snopes

Fact-checking website Snopes said it may shut down over a dispute with a vendor that is withholding advertising revenue. 

The 23-year-old site announced on Monday said it was “in danger of closing its doors” over a dispute with Proper Media, whom Snopes founder David Mikkelson claimed is holding Snopes “hostage” by barring the site from making modifications, placing new ads, and receiving revenue from existing ads.

A GoFundMe set up by Snopes to fund its staff of 16 and operating costs had raised over $200,000 within hours of launching on Monday.

“In a general sense, I’m chagrined, because we have always been a self-supporting company, and I don’t like asking the public for money,” Mikkelson told Business Insider in an interview. “But we’ve been boxed into this position, we’ve been cut off from what we usually get, we don’t have any other way.”

Snopes’ fundraising drive caps what is a contract and partial-acquisition gone wrong.

In 2015, Mikkelson contracted with Proper Media to provide web development services to help grow the site and add advertising revenue. But when Mikkelson and his wife divorced in 2016, the five individuals who own equity in Proper Media became more involved by purchasing his ex-wife’s 50% share of Snopes’ parent company, Bardav, which they financed by taking out a substantial loan.

But in the months since the purchase, Mikkelson clashed with the company, which he felt was siphoning off too much advertising revenue from Snopes, and which he claimed was not performing essential services like sharing ad revenue in a timely fashion and sharing web traffic information. 

Earlier this year, Proper Media shareholder Vincent Green resigned from the company and joined Snopes, which Mikkelson claims gives the two of them majority control of Bardav, and allowed them to terminate the contract between Proper Media and Snopes.

For its part, Proper Media claimed that Mikkelson and Green are in breach of contract, saying Green’s share of the company did not travel with him when he joined Snopes.

The site suggested that Mikkelson has “repeatedly engaged in fraud upon Proper Media” in an “effort to obtain approval for Bardav to pay Mikkelson a sizable salary and large sums of Mikkelson’s personal expenses,” including a $10,000 company traveling expense to pay for Mikkelson’s honeymoon with his wife Elyssa Young, who is also a Snopes employee.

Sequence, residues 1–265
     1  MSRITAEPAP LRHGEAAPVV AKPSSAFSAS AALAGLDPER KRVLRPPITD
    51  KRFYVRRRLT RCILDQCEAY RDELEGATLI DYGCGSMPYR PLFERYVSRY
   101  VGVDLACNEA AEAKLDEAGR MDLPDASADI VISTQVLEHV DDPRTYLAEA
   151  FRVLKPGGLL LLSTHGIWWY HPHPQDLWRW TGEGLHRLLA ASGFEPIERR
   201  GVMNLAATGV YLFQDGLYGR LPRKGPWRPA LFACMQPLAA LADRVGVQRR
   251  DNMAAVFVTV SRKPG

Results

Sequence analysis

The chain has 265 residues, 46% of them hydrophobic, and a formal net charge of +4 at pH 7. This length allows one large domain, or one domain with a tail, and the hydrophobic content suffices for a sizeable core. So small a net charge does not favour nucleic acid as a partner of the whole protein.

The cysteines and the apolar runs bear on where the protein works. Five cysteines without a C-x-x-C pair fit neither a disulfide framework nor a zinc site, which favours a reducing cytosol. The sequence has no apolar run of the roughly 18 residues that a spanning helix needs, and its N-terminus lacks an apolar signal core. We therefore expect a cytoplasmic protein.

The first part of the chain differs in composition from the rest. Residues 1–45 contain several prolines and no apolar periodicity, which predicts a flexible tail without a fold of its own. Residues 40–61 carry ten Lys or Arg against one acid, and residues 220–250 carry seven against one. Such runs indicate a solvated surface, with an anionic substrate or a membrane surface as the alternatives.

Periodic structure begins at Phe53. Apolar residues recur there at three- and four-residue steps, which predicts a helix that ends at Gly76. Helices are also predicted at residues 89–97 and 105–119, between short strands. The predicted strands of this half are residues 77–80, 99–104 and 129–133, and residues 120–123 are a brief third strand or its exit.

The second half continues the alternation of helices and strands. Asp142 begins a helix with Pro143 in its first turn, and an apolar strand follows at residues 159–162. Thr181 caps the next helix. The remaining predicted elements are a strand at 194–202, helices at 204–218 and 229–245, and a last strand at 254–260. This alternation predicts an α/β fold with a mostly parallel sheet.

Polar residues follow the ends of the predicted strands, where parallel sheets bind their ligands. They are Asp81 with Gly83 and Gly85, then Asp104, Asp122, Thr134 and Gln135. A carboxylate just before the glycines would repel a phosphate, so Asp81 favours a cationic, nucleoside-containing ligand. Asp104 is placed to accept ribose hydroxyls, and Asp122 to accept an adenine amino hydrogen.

And counter to Mikkelson’s claim, last week, Proper Media released $100,000 to Bardav recently with a judge’s stipulation that Mikkelson would not be allowed to manage the money. 

“This case involves unlawful jockeying for ownership and control of the fact-checking website Snopes.com,” Proper Media said in a May complaint filed in San Diego. “But while Snopes is built entirely around the concepts of transparency and truth, its founder, Defendant David Mikkelson, has engaged in a lengthy scheme of concealment and subterfuge to gain control of the company and to drain its profits.”

Proper Media attorney Karl Kronenberger told Business Insider that Mikkelson could also move his site over to another content management system. 

“He can move it at any time, and he hosted the site for years,” Kronenberger said. “The problem is he wants proper media’s expertise, but he doesn’t want to pay for it.”

According to the Snopes founder, Proper Media has not honored its contract, which allows Snopes’ parent company Bardav to move its web development, CMS, and other services away from Proper Media if it decides to terminate its contract.

Meanwhile, several Proper Media founders relocated to Puerto Rico, which Green said is part of a tax avoidance scheme, and which Kronenberg said is a business development strategy. 

Mikkelson claimed that Proper Media was regularly late with sharing its ad revenue with Snopes, and has not shared any revenue with the site since February, several weeks before Mikkelson gave notice to terminate Snopes’ contract with Proper Media.

A court is set for August 4 to hear competing motions from Proper Media and its two majority equity holders and Mikkelson and Bardav. Proper Media is aiming to remove Mikkelson from the company, while Mikkelson said he is seeking to allow Snopes to stop using Proper Media for web services.  

Snopes has long been a site that’s dedicated to fact-checking urban legends. Since its inception in 1994, it has grown to become one of the most prominent website to fact-check conspiracy theories and “fake news” online. Snopes formed a partnership last year with Facebook to begin vetting some viral news stories to ensure that Facebook’s newsfeed become more accurate.

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Source: http://www.thisisinsider.com/snopes-shutting-down-hostage-advertiser-2017-7

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